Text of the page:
Something's happening here ... what it is ain't exactly clear
We're still trying to wrap our head around the thought that the Cleveland Indians are actually doing baseball things in the free agent market.
The latest being the signing of outfielder Michael Bourn to a four-year, $48 million contract.
Add that to the Nick Swisher signing (four-years, $56 million) and the Indians have invested more than $100 in a pair of over-30 outfielders (but who are still younger than Johnny Damon and Shelley Duncan, so that's nice).
Just what is general manager Chris Antonetti up to and what has he done with the Dolans?
Bourn is an interesting pickup, especially on the defensive side as he is a Gold Glove winner. According to Jonah Keri at Grantland, since 2010 Bourn has 51 defensive runs saved, tops among all center fielders in baseball. If Tribe manager Terry Francona decides to with an outfield trio of Michael Brantley, Bourn and Drew Stubbs, the Indians could have one of the best defensive outfields in the majors (although Stubbs told The Plain Dealer he hasn't played right field since high school, so ... there's that). And that's kind of important when you realize that the starting rotation gave up a league-high 845 runs and posted an ERA of 5.25 in 2012.
Offensively, it may be a different matter. While Bourn may be Kenny Lofton-lite on the bases - he's averaged 51 steals a year over the past five years and has an 81 percent success rate in his career - he's no Lofton at the plate. Bourn's career OPS of .704 is one point lower than Brantley's and Tribe fans would probably lose their minds if the Indians handed Brantley $12 million a year.
And Bourn, Stubbs and Brantley combined to hit just 29 home runs last year. In fact, as Jon Heyman at CBSSports points out, Bourn's $48 million is the largest free agent guarantee handed out to a player who has never hit 10 home runs in a season or had a slugging percentage of more than .400 in a season in his career. That's kind of of important, too, as the Tribe scored the second-fewest runs in the American League last season.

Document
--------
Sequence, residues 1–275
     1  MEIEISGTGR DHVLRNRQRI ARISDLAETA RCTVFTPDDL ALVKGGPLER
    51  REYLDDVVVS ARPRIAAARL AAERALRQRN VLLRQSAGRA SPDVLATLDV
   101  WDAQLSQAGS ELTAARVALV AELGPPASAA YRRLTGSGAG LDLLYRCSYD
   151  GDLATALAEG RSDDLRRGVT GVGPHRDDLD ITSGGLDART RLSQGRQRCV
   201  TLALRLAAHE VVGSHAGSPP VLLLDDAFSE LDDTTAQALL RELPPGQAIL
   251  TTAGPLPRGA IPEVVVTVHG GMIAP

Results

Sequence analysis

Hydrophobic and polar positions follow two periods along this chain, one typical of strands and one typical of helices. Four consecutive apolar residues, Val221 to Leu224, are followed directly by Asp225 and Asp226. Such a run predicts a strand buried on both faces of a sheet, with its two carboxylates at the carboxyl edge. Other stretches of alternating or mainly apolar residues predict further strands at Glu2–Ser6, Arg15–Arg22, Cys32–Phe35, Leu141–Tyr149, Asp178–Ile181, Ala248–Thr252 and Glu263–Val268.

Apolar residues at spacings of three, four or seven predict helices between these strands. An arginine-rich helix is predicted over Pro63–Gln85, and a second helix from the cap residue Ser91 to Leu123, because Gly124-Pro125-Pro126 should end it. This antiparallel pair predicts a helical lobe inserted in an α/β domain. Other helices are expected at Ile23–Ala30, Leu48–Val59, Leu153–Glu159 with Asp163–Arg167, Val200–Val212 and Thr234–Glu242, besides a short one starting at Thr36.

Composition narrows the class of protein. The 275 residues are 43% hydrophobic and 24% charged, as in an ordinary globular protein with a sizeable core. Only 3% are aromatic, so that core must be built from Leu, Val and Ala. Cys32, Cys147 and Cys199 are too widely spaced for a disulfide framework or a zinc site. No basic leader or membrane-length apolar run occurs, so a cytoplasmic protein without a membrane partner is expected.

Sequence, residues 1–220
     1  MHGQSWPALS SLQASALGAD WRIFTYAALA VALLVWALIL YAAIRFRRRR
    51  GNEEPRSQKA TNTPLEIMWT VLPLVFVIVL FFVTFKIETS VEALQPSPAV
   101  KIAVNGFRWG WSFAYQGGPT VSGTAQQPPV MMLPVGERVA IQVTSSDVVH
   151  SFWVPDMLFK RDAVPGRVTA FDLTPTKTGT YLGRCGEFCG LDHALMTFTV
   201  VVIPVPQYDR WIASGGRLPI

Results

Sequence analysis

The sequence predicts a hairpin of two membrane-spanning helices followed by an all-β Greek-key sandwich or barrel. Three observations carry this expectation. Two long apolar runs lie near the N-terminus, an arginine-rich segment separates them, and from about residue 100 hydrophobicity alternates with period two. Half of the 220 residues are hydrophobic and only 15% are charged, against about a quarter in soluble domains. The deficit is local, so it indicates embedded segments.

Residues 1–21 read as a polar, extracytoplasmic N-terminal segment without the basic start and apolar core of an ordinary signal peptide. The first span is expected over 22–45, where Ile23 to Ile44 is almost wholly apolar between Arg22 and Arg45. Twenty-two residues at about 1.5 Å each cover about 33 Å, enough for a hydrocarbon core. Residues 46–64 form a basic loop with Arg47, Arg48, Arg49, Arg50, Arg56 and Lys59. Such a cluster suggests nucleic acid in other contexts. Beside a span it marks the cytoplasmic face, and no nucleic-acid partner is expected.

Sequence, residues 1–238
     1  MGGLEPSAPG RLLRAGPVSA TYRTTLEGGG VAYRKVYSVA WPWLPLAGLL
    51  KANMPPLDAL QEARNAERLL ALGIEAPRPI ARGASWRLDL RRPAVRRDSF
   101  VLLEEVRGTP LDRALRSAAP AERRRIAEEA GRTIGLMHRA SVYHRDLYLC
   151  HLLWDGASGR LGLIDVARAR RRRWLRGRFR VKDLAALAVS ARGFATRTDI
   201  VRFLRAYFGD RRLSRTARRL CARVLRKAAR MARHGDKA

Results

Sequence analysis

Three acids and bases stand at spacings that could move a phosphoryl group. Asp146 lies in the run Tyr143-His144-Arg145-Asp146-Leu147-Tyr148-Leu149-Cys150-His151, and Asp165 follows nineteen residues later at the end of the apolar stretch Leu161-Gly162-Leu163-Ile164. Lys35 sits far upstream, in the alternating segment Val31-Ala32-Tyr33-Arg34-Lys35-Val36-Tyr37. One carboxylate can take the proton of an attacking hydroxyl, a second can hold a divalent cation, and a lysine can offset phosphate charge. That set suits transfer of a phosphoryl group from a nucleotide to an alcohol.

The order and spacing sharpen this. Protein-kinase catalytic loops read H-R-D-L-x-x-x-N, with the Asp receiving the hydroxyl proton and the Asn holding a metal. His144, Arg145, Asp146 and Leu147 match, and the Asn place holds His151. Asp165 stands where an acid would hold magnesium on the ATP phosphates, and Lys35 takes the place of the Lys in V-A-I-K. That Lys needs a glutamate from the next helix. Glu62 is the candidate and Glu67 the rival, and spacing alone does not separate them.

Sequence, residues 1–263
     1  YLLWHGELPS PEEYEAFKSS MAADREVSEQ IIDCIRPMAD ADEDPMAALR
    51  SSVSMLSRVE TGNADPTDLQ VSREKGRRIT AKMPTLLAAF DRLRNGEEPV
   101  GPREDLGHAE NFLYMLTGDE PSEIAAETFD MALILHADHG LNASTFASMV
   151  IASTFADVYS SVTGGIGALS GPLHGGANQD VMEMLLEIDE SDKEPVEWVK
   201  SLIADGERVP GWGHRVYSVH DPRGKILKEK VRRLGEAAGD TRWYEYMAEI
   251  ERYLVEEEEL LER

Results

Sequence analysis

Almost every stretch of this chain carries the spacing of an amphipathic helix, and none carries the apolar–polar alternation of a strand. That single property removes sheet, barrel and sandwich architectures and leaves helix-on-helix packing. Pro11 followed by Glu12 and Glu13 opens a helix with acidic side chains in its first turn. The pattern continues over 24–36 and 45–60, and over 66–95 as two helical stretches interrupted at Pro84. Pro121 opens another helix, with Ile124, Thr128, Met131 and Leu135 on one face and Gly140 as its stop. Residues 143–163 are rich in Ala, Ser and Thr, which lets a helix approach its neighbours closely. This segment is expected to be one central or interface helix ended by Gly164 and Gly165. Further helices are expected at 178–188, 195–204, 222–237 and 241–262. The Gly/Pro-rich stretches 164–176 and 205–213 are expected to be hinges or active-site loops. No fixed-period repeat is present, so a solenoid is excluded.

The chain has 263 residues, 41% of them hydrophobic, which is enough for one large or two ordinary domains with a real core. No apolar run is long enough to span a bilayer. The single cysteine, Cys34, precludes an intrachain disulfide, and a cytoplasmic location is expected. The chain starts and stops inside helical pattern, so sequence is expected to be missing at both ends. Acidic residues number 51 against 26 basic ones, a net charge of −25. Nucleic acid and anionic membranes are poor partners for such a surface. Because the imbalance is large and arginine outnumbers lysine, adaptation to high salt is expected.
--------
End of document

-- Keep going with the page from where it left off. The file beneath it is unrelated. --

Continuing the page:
So we're not exactly talking about the second coming of Albert Belle, Lofton and Manny Ramirez here.
And, oh baby, the strikeouts.
With Bourn (155 Ks in 2012), Swisher (141), Stubbs (166) and Reynolds (159), the Tribe will have four players in their lineup that fanned at a staggering rate last year (h/t Jim Kanicki). Throw in Jason Kipnis (109), Carlos Santana (101) and Asdrubal Cabrera (99) and strikeouts could be this year's version of last season's left-handed dominant lineup. (Unless you want to debate the merits of having an outfield of all center fielders. The Indians are nothing if not different.)
OK, enough with the negatives. The big question is: are the Indians better off now than they were a year ago?
If you look at the potential Opening Day lineup for this year compared to last year the answer seems pretty obvious. When the Tribe opens the season on April 2 in Toronto, the lineup could look like this:
Bourn CF Kipnis 2B Cabrera SS Swisher 1B Santana C Reynolds DH Brantley LF Lonnie Chisenhall 3B Stubbs RF
Now think back to the lineup one year ago against those same Blue Jays:
Brantley CF Cabrera SS Shin-Soo Choo RF Santana C Travis Hafner DH Duncan LF Casey Kotchman 1B Kipnis 2B Jack Hanahan 3B
It would be hard to argue that, at least on paper, the Tribe isn't in a better place today.
And the players are buying into the moves, which can't hurt.
"I didn't see it coming," reliever Vinnie Pestano said on the team's website. "I thought that after Nick and some of the other signings that we made, that we were done as far as big contracts go. I don't think the media or anybody else expected us to go out and sign Nick Swisher and Michael Bourn and make all these additions. It's great. It's awesome from a player's perspective to see that."
"Just look at his numbers," said Brett Myers, who played with Bourn in the Phillies' farm system and with the Astros. "He goes after baseballs in the outfield. It's the same with Drew Stubbs and Michael Brantley. Those guys are fast guys, man. They run down everything. It's fun to watch him play. I like watching him run, too. When he gets on and gets a single, it's going to be a double in a second. He's that fast."
Now, did the Tribe do enough to make up the 20-game differential with Detroit in the Central Division? Or the 25-game differential with Texas in the wild card standings?
Well ... it's a long, long season; there will be plenty of time to debate the moves in the weeks between the end of the Cavs season and the start of training camp for the Browns.
For now, it's enough that the Indians are making the type of moves that don't leave fans scratching their heads. And it's refreshing to not have to describe Bourn as one of those "low-risk, high-reward" type of signings that is growing in popularity across Cleveland.
Because sometimes, just doing something - even if down the road it turns out that it's not the right something - is better than doing nothing.
(Photo by Getty Images)